All seven Republican candidates for Georgia governor shared a stage for the first time Saturday in a forum that touched on the state’s hunt for Amazon, a surprisingly busy legislative session and the ongoing “religious liberty” debate.
Lt. Gov. Casey Cagle, the GOP frontrunner, was targeted with the bulk of attacks by rivals who painted him as a career politician who failed to effectively push conservative legislation. He bristled at those charges, accusing his critics of “grandstanding” while pointing to his record.
Former state Sen. Hunter Hill, who is in second or third place in several polls, was also on the receiving end of several attacks critiquing his agenda. He touted his plan to eliminate the state income tax and slash state spending, calling himself the only “true conservative leader” in the race.
Secretary of State Brian Kemp leaned on his populist blend of polices, pledging to “fundamentally reform” state government and crackdown on illegal immigration. He was largely unscathed throughout the event, as other opponents traded barbs with one another.
Executive Clay Tippins, a first-time candidate, promised a data-driven approach to state government that would bring a business mentality to the Gold Dome. He also leveled some of the sharpest criticism at Cagle, accusing him of holding legislation ransom out of spite. Cagle denied the claim.
State Sen. Michael Williams, running as a pro-Trump conservative, came out swinging throughout. He accused Cagle and other GOP leaders of mealy-mouthed policies and said his priorities, such as a push for police pay raises, were repeatedly blocked because he posed a threat to the establishment.
Two other longshot candidates were also on stage. Former educator Marc Alan Urbach called his opponents “fake conservatives and liars.” And restaurateur Eddie Hayes described his last-minute decision to join the race and his religious faith.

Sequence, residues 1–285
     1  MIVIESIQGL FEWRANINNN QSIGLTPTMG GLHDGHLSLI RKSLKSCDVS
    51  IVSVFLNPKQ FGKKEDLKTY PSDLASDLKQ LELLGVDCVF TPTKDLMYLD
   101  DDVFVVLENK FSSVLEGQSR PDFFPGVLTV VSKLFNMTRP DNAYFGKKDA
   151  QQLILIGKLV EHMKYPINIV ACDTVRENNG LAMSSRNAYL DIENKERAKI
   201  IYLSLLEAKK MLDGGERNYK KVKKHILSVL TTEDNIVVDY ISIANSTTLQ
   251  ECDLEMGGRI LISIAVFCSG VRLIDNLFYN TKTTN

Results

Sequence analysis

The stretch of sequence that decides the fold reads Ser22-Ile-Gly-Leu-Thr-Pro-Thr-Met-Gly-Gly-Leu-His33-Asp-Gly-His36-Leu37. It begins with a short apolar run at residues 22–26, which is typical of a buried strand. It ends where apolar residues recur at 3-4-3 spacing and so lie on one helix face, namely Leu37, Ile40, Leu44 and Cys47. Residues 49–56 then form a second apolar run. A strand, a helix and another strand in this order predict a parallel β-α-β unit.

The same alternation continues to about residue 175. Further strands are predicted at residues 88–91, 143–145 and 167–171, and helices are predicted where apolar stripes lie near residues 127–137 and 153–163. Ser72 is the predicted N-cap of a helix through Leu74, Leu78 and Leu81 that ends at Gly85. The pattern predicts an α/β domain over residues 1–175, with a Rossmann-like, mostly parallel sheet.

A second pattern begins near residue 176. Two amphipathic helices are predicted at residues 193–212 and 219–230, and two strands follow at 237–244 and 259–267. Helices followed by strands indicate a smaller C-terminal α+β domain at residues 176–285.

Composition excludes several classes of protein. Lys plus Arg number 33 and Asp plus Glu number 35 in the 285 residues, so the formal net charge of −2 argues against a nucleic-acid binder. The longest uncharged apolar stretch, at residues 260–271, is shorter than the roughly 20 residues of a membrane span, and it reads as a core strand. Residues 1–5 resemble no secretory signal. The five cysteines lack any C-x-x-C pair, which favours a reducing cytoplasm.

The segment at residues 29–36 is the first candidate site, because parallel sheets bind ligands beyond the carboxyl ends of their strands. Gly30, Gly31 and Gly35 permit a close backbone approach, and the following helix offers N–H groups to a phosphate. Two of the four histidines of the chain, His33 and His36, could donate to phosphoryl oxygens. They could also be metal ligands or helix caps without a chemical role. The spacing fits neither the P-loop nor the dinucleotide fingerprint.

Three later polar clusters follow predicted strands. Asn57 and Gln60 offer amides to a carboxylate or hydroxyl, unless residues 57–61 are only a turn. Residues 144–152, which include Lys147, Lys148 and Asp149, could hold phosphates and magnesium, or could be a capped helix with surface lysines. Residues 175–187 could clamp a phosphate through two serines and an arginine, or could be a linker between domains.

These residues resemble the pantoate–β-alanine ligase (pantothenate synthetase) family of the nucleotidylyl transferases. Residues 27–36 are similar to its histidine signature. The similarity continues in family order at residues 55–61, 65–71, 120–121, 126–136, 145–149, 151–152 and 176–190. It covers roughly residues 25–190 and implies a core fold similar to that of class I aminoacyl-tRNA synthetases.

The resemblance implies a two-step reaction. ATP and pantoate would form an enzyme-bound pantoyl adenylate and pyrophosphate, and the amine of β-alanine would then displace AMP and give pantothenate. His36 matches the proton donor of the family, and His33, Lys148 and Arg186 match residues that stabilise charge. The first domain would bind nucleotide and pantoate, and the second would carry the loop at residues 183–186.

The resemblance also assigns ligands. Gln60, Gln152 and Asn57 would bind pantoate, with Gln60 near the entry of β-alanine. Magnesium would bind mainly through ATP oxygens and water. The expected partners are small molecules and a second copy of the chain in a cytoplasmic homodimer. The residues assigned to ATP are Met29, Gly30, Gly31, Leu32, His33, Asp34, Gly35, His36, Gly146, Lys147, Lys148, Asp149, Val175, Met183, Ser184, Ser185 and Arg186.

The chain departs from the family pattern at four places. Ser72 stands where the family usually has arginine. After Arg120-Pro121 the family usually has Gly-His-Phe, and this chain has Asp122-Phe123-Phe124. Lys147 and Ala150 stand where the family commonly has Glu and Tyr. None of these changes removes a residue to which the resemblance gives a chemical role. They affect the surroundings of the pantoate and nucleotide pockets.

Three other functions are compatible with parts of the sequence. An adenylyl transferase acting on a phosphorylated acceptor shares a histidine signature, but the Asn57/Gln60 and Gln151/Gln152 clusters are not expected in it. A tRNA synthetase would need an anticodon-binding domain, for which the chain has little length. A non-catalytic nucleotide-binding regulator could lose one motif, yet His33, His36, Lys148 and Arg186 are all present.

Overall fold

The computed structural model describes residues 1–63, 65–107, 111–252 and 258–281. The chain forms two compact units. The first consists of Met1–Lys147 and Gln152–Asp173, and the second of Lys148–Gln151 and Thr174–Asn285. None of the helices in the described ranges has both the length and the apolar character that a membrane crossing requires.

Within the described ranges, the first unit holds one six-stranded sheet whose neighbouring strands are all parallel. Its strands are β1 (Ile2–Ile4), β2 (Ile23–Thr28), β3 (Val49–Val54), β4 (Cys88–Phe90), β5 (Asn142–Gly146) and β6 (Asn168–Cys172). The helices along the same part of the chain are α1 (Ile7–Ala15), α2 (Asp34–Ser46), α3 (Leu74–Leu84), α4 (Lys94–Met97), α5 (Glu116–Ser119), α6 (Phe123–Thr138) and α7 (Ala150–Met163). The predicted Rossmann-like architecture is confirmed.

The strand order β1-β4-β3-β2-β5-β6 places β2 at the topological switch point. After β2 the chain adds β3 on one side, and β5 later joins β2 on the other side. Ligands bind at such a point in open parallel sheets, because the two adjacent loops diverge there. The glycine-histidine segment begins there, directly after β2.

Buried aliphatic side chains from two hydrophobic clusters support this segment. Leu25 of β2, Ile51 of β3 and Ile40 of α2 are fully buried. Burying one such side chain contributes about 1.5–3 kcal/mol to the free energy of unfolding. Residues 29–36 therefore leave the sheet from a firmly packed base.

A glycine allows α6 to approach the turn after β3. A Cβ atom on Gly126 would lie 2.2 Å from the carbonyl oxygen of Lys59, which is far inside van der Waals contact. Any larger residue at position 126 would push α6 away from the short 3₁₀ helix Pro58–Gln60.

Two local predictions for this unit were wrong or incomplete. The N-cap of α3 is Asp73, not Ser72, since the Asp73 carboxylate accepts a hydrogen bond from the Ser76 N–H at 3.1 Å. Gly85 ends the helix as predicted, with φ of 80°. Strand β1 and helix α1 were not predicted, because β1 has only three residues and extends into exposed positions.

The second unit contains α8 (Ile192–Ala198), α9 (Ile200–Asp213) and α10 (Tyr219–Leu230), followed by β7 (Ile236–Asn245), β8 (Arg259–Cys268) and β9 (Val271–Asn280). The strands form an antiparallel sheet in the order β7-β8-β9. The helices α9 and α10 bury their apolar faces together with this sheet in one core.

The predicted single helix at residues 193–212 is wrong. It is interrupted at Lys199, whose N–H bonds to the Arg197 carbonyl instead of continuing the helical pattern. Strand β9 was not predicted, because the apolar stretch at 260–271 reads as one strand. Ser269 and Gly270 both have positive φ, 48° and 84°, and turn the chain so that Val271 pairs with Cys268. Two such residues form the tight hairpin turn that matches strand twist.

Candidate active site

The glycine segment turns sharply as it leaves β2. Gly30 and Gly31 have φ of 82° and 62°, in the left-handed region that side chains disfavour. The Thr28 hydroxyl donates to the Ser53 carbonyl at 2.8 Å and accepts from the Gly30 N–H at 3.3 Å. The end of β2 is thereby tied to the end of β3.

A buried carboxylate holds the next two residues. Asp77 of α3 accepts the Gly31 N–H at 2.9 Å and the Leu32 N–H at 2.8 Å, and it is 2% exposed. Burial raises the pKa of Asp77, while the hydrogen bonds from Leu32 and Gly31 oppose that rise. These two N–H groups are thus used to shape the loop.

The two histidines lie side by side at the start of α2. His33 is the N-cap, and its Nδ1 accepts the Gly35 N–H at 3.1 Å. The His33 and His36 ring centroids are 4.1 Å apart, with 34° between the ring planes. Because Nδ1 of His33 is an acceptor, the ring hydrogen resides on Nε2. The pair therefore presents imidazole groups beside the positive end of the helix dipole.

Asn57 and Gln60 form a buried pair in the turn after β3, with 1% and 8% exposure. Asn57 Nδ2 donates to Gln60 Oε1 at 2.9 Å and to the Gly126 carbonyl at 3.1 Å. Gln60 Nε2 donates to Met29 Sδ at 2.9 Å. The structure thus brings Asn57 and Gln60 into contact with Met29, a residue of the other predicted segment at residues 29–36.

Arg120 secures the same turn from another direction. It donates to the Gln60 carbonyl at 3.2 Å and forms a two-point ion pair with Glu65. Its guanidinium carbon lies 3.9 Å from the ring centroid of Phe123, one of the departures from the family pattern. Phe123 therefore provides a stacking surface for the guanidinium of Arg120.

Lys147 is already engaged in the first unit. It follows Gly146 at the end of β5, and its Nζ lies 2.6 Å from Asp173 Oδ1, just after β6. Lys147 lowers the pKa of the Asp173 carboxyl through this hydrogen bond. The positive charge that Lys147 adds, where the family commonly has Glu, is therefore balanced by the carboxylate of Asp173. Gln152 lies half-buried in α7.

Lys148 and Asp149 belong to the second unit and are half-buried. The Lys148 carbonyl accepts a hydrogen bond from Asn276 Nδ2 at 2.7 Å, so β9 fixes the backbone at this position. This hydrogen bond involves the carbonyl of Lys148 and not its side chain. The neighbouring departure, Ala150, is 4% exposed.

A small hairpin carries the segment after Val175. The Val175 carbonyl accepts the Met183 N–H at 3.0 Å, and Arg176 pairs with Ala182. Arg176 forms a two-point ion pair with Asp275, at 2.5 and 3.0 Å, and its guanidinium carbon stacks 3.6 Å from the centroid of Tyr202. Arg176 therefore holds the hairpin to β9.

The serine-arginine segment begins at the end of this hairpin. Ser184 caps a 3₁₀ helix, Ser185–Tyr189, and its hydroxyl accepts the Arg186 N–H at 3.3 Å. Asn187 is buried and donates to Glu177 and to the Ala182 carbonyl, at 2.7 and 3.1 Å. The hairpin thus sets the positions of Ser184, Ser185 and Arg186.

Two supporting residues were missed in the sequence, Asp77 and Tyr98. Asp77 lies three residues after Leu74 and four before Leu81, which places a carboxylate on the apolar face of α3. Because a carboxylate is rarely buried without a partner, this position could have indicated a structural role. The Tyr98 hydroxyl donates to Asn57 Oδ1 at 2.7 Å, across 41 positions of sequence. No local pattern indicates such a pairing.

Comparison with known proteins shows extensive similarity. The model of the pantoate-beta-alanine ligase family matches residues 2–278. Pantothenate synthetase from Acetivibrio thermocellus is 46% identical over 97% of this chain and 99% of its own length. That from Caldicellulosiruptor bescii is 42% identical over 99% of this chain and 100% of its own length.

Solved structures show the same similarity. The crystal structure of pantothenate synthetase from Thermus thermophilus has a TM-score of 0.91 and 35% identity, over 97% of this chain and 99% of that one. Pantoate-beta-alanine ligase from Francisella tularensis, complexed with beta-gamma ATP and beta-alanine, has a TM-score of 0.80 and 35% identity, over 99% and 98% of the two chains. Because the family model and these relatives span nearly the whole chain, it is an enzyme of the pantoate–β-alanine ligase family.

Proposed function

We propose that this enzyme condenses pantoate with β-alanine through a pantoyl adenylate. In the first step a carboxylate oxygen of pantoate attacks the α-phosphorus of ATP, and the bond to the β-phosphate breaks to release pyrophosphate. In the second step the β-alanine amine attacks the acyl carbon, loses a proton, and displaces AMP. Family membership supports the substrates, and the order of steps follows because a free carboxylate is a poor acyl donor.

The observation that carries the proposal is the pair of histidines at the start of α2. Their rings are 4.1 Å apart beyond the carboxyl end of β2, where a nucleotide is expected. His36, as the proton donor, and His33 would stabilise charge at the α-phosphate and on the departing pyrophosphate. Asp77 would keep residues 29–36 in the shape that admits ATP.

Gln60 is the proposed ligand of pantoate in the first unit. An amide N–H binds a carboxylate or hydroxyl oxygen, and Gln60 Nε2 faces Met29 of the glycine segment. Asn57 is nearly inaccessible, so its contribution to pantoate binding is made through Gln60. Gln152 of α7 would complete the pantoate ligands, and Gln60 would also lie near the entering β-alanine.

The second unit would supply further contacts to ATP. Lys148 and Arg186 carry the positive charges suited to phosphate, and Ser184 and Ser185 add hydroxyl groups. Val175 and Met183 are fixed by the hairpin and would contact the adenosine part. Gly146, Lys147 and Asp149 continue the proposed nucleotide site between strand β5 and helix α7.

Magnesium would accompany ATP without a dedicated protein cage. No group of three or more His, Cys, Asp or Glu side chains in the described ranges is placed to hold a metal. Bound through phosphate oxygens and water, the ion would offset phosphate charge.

Cagle was the most vocal GOP candidate in support of Georgia’s bid to lure Amazon’s second headquarters, which could generate up to 50,000 high-paying jobs.
He said he was “excited about the opportunity” to lure the firm, whose executives scouted locations in Atlanta last week. But he also suggested a push for additional incentives in a special session would be a tough sell.
“I welcome Amazon to come to Georgia. If they want to come here for our low-tax environment, if they want to come here because of our cost of living that is low,” he said, ticking off a list of the state’s selling points.
“Every single tax credit that is on the books right now – whether it’s a job tax credit or an investment tax credit – every single company gets to take the same advantage,” he said. “You treat everyone fairly, and what their total comes up to is what they’re entitled to. But it’s not sacrificing our values.”
Williams took a divergent approach, saying he’s “leading the charge” against doling out extra tax breaks to the Seattle-based e-commerce giant. “I don’t think it’s right for government to pick winners and losers.”
On legislative regrets:
Cagle said he was disappointed over the demise of the Hidden Predator Act, which stalled out amid disagreements between the House and Senate. The measure would have given adults who were sexually abused as children more leeway to file lawsuits against their alleged abusers.